The Cool Conceptual Art of Horacio Salinas

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Horacio Salinas is an acclaimed conceptual still life photographer who manages to turn the most common objects of every day life into works of art.

The New Yoirk based photographer of Argentinian decent has worked with some of the most important publications in the world, including Vogue, GQ and the New York Times. Asked how he would describe his original work, Horacio Salinas said: “”If I have to do one picture about a topic, I want that picture to say everything in a second.” All I know is his creations put a smile on my face, and that’s good enough for me

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The Contaminated Ceramics of Tamsin van Essen

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They may look like ceramic cups that haven’t been washed in years, but these are genuine artworks made by British designer Tamsin van Essen.

Using various “foreign” materials, the artist managed to mimic the infestation of various bacterias on ceramic bowls. As real as the contamination with Salmonella and Streptococcus may seem, the bowls are perfectly clean and ready to be used. Even knowing that, I doubt anyone would be crazy enough to actually use them.

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Mona Lisa Mosaic Made of Burnt Toast

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For the last 10 years, Maurice “Toastman” Bennet has been making incredible masterpieces from pieces of toast. His last work of art is a giant crunchy replica of Mona Lisa.

Last week, the Toastman spent most of his time at the K-11 shopping mall, in Hong Kong, working on his newest work for the upcoming Food Art Festival. His entire studio smelled of gas and burnt toast, but the final result was fully worth it. He managed to create a beautiful replica of Mona Lisa eating a pink ice cream, out of around 6,000 individual pieces of toast. And he did it all by using a blow torch to create patterns and different color tones.

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The Pencil Tip Masterpices of Dalton Ghetti

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Many artists use pencils to create their works of art, but in the case of  Dalton Ghetti, his pencils actually become artworks.

49-year-old Dalton Ghetti loved to carve things as long as he can remember. As a child, he used to carve his friends’ names into the sides of pencils and offer them as presents. Later, he took sculpting more seriously and began making large wooden sculptures, until he decided to challenge himself and make really tiny artworks. He experimented with many mediums, such as chalk, until the day he discovered pencil graphite.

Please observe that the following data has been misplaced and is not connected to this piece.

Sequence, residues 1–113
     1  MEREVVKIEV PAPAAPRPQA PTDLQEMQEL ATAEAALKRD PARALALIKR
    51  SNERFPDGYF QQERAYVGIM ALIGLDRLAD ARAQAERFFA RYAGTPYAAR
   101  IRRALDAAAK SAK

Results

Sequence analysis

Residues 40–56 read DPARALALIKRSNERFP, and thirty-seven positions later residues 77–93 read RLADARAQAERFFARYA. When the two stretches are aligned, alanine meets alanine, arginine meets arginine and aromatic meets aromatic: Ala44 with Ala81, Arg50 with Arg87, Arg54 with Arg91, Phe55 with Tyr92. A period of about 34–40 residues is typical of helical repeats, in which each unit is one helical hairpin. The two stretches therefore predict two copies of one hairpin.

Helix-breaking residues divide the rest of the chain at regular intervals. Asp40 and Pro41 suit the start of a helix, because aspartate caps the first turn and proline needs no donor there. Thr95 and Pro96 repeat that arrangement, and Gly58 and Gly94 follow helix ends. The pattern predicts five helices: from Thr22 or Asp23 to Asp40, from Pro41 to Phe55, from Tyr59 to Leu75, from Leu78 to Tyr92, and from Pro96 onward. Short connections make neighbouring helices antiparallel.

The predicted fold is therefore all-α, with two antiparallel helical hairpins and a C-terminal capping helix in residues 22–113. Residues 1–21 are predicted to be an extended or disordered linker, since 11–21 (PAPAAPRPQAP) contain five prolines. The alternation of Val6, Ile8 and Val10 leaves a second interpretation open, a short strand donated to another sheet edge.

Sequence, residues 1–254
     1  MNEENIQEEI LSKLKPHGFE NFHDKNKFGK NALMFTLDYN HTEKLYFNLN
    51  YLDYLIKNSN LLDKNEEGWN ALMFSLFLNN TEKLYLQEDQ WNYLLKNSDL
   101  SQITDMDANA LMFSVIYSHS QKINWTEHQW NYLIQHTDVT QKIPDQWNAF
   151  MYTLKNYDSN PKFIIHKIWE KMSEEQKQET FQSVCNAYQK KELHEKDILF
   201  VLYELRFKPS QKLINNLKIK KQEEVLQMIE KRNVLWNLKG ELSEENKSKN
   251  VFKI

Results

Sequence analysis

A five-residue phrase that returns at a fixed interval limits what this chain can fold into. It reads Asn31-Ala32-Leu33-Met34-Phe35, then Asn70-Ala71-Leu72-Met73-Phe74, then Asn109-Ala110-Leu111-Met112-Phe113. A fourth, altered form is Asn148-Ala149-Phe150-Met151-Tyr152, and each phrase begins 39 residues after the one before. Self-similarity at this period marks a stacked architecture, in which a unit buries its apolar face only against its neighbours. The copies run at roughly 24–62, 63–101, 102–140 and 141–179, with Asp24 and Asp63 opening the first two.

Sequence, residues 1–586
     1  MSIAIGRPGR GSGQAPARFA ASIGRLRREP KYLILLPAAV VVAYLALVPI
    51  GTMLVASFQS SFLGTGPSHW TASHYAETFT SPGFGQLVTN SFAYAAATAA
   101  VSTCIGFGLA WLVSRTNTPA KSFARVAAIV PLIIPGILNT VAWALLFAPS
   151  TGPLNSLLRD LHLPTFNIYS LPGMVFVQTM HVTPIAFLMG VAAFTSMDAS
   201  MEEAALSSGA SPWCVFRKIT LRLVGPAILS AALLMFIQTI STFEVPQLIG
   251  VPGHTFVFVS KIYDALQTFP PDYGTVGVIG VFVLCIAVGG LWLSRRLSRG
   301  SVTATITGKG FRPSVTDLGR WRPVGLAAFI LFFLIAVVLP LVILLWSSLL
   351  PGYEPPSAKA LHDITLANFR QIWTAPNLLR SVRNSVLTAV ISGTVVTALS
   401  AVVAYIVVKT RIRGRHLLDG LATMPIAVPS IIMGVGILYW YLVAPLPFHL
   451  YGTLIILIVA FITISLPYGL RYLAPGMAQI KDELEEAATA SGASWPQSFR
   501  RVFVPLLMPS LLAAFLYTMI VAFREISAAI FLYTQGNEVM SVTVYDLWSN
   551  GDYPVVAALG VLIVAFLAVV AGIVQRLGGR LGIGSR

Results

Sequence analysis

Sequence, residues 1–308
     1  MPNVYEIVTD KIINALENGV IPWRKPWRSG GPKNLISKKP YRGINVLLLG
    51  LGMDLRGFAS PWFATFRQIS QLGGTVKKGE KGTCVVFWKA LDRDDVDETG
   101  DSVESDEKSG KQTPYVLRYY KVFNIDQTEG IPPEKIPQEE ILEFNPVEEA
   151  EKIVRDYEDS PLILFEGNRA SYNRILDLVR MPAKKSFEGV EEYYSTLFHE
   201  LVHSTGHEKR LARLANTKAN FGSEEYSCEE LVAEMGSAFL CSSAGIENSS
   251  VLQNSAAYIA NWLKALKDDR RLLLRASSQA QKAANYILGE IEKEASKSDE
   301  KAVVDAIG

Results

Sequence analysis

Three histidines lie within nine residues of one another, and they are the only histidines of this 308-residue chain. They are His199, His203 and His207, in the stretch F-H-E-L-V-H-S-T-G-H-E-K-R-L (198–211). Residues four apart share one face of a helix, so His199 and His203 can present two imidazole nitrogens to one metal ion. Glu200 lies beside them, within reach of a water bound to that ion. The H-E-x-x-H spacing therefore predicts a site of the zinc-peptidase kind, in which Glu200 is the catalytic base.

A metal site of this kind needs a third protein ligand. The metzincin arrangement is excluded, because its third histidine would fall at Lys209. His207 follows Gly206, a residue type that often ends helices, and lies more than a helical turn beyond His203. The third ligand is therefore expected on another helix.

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The World’s Biggest E.T. Fan

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With thousands of E.T. collectibles, some dating back to 1982, Nick Gjoka can proudly call himself the world’s biggest E.T. fan.

In 1982, when he was just 4 years old, Nick’s mother took him to see E.T. He doesn’t even remember that, but he does know that’s when he unboxed his first E.T. doll, at his grandfather’s house. He kept receiving all kinds of E.T. toys, and he would ask his parent’s to buy them whenever he saw them in stores, but it wasn’t until his teen years that he began putting together an actual collection.

Nick’s parents are both collectors, so he has always been familiar with garage and yard sales. At the age of 22 he was already looking on eBay, going to various sales and buying everything related to his favorite extraterrestrial. His friends and family realized his passion and started helping him in his quest of creating the world’s largest E.T. memorabilia collection.

In 2002, the re-release of the movie brought with it new E.T. collectibles that got Nick Gjoka interested in collecting. Later that year he visited Universal Studious, from where he returned with $300 worth of E.T. memorabilia. His collection grew two, maybe three times in only a few months time.

Nick Gjoka and his amazing collection were featured on VH1’s hit show Totally Obsessed, and he became known all around the US. Nowadays, Nick isn’t hunting for E.T. collectibles as he once did, because he hasn’t got the time or space anymore, but he says he’s always interested in new additions to his sizable collection.

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Ear Pull – A Manly Game That Will Test Your Ears

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One of the most difficult games I’ve ever heard of, Ear Pull is an old Inuit tradition that has competitors test the strength of their ears.

The Ear Pull is as simple as it is painful. Two contestants sit down in front of each other with their legs straddled and interlocked, place a loop of twine around one of their ears, and at the referee’s signal, start pulling back until one of them either yields or the loop of twine comes off from one of the ears.